# Thread: Derivative of Inverse Functions

1. ## Derivative of Inverse Functions

I am studying for the Calculus Clep exam and I am having trouble understanding how to find the derivative of the inverse of a function.

Here is the problem I am having trouble with and what I have done with it:

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Let $\displaystyle f(x)=x^3+x$. If $\displaystyle h$ is the inverse function of $\displaystyle f$, then $\displaystyle h'(2)=$ (A) $\displaystyle \frac{1}{13}$ (B) $\displaystyle \frac{1}{4}$ (C) $\displaystyle 1$ (D) $\displaystyle 4$ (E) $\displaystyle 13$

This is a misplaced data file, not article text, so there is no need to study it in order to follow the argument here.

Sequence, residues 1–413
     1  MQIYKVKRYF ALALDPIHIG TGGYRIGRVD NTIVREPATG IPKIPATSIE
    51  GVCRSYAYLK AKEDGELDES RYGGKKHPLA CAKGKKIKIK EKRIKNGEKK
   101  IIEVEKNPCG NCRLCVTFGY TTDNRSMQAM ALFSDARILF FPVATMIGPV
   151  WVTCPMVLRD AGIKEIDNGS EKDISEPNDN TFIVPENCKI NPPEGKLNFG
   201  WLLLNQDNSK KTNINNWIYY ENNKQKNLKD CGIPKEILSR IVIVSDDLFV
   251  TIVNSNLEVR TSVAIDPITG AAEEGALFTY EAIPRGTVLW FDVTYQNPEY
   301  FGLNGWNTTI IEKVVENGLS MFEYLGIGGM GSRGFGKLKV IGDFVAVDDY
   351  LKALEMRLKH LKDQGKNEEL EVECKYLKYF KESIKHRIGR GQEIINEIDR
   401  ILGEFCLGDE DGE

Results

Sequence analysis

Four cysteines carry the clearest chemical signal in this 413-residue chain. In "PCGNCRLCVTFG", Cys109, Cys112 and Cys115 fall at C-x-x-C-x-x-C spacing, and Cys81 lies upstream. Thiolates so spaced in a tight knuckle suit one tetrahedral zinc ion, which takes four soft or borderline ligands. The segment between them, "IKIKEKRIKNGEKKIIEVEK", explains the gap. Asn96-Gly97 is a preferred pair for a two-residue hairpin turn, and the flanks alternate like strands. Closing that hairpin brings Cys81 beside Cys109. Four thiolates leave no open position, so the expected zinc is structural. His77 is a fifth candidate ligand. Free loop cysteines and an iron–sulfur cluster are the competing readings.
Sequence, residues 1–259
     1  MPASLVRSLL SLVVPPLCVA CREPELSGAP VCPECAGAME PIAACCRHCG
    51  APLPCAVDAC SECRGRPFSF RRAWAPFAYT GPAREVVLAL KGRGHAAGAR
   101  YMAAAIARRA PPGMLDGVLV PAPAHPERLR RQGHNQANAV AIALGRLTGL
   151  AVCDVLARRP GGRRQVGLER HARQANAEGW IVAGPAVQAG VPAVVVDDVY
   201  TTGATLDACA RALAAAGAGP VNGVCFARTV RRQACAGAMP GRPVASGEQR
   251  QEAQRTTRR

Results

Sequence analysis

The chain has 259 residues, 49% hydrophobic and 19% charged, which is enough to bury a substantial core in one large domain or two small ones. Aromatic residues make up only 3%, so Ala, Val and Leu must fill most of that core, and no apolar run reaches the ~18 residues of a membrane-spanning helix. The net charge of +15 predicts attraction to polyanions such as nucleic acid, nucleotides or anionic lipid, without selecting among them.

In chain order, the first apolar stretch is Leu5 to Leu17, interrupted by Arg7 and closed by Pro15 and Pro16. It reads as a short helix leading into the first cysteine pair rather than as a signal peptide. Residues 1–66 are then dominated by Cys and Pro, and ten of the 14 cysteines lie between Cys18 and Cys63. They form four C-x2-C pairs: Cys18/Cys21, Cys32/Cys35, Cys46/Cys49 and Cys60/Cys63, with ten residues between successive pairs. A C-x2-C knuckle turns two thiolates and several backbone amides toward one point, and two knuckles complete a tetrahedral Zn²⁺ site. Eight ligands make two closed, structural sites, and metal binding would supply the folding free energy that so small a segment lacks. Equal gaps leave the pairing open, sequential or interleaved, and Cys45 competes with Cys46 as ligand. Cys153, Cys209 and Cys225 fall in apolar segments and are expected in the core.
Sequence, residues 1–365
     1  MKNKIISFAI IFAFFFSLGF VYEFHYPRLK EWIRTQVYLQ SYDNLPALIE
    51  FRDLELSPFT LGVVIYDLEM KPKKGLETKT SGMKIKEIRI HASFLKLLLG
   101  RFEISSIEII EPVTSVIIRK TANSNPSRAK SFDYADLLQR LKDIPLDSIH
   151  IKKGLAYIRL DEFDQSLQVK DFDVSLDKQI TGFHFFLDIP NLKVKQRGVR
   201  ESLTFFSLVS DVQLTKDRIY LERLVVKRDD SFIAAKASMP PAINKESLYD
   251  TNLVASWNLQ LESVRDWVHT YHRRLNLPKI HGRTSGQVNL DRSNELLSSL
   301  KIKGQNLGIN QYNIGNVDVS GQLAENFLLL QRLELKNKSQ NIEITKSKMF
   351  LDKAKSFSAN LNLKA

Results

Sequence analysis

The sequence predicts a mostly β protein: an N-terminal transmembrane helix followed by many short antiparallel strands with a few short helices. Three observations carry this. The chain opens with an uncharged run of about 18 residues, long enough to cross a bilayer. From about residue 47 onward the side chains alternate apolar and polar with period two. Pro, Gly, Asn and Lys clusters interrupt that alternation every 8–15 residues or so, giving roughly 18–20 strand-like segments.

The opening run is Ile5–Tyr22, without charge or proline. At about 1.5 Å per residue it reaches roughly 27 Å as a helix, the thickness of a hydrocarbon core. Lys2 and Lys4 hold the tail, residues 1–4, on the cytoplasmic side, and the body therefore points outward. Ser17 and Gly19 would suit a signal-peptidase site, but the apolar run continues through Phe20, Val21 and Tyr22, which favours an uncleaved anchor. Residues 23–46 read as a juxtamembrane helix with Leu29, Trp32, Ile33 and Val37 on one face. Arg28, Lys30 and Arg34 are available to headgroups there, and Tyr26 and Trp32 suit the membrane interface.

I believe $\displaystyle [f^{-1}(x)]'=\frac{1}{f'(x)}$. If so, then $\displaystyle h'(x)=[f^{-1}(x)]'=\frac{1}{f'(x)}=\frac{1}{3x^2+1}$ and $\displaystyle h'(2)=\frac{1}{3(2)^2+1}=\frac{1}{13}$ but this is not the answer. Am I mistaking an $\displaystyle x$ for a $\displaystyle y$ or something like that? Also, if that is not the correct general equation to find the derivative of the inverse of a function, what is it?

Thank you!
Raul

2. Originally Posted by rualin
I believe $\displaystyle [f^{-1}(x)]'=\frac{1}{f'(x)}$.
If $\displaystyle f(x)=y$ then $\displaystyle \displaystyle \left(f^{-1}\right)'(y)=\frac{1}{f'(x)}$.
We have $\displaystyle f^{-1}(2)=x\Leftrightarrow f(x)=2\Leftrightarrow x^3+x-2=0\Rightarrow x=1$.
So $\displaystyle \displaystyle \left(f^{-1}\right)'(2)=\frac{1}{f'(1)}=\frac{1}{4}$

3. Perfect! That's exactly what I wanted to know.